- Effects and Complications
- Can Schizophrenia be Prevented?
- Risk Factors
- Childhood Schizophrenia
- Hearing Voices
- Managing Symptoms
- Movement Disorders
- Schizophrenia and Suicide
- Conventional Antipsychotics
- Atypical Antipsychotics
- Split Personality
- Anxiety and Schizophrenia
- Depression and Schizophrenia
- Bipolar Disorder
- Brief Psychotic Disorder
- Shared Psychotic Disorder
- Schizotypal Personality Disorder
- Schizophreniform Disorder
- Schizoid Personality
- Delusional Disorder
- Substance Abuse
- Schizoaffective Disorder
- Schizophrenia and Self Injury
Schizoid Personality Disorder
What is a personality disorder?
A personality disorder is a type of psychiatric illness which is deeply ingrained and generally continues throughout one’s life. It involves rigid and maladaptive ways of coping, and affects how the person thinks, feels, and behaves. The disorder either causes distress for the person with the disorder or for others who must interact with him/her. In many cases the disorder negatively impacts both parties.
In most cases, the personality disorder is well-established by the time the person is in his/her late teens or early twenties. Personality disorders begin to develop early in childhood, often as a way of coping with trauma, abuse, confusion, or a psychologically unhealthy environment.
Often, the person is unaware s/he has a personality disorder, as it is a normal way of life for him/her. The very nature of some types of personality disorders is to blame others as the cause of any problems the person experiences, even though they are a direct result of the disorder. As a result, it is very challenging to effectively treat someone with a personality disorder.
Characteristics of schizoid personality disorder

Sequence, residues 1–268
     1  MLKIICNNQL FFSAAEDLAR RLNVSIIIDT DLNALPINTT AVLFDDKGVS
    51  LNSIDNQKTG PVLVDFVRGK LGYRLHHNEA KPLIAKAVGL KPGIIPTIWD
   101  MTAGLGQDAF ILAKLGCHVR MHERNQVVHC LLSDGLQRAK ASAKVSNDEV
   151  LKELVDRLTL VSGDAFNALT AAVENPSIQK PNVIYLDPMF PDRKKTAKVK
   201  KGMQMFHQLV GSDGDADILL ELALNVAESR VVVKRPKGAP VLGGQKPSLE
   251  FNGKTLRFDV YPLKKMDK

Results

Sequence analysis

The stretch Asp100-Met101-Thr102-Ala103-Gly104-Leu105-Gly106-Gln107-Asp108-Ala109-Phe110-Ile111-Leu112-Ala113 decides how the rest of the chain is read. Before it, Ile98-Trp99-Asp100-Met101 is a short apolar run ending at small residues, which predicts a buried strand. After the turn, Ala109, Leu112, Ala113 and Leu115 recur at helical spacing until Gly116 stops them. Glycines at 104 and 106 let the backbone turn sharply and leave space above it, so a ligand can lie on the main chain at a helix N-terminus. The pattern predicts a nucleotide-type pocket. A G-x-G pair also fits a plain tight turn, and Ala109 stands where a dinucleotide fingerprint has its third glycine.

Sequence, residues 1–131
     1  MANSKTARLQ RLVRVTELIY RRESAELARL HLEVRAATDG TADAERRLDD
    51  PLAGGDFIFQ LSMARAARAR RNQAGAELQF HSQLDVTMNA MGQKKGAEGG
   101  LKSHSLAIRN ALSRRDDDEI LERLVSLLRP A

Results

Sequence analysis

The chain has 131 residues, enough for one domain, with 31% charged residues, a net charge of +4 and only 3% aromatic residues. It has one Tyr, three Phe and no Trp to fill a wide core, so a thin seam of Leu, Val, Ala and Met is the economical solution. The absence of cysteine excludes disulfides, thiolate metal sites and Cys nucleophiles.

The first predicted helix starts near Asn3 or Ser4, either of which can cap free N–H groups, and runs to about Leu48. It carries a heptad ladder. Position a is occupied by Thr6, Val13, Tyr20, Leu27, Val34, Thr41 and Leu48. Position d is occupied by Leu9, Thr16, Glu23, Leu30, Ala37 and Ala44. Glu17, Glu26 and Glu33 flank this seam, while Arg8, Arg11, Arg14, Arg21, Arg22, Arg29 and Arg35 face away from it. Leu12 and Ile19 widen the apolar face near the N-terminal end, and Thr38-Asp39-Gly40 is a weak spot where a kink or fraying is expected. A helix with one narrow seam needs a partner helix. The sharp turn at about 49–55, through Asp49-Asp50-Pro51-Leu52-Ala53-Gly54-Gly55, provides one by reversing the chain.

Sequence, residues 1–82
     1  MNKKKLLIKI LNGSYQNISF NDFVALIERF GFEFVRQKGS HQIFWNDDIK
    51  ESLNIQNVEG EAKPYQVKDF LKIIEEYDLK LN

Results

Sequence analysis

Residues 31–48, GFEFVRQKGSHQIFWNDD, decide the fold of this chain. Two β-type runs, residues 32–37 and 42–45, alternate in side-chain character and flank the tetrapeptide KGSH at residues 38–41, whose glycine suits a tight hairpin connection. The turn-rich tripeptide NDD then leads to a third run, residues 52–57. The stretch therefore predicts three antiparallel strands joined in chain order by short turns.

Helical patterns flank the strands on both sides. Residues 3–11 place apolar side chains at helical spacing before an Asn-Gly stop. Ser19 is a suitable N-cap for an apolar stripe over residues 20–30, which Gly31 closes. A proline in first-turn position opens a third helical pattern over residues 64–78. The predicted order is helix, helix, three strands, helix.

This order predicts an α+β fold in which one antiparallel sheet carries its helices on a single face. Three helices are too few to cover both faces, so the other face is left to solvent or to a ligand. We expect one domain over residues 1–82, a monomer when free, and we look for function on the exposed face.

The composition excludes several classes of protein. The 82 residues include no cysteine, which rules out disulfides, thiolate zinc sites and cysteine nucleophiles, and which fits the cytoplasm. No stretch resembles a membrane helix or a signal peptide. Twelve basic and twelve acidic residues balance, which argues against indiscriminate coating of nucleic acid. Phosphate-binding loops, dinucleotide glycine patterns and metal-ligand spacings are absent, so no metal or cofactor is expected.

Schizoid personality disorder is one of several types of personality disorders. Individuals with this disorder do not desire to develop or be in close, intimate relationships. They usually do not date or marry, and have few, if any, friendships. They’re rarely, if ever, interested in sexual relationships. They typically prefer solitary activities but very few things actually give them pleasure. If they are close to anyone, it is usually a family member.
They tend to show very little emotion, and may come across as cold and detached. If someone criticizes them or praises them, they are often indifferent. They often lack any real direction for their lives, and tend to be very passive, even in response to adverse events. Their social skills are limited, and they have a difficult time expressing anger, even if provoked.
They will usually struggle in a job which requires a lot of social interaction, but can function quite well in a job which allows them to work in isolation. They may experience brief periods of psychosis. These episodes may last for several hours, or just a few minutes.
Individuals with schizoid personality disorder rarely seek treatment. It can be difficult distinguishing someone with this disorder from a person with autistic disorder or Asperger’s disorder. However, Asperger’s and autism cause even greater social impairment and involve behaviors and interests which are often considered very odd and often involve intense preoccupation. Sometimes schizoid personality disorder is the precursor to schizophrenia or delusional disorder.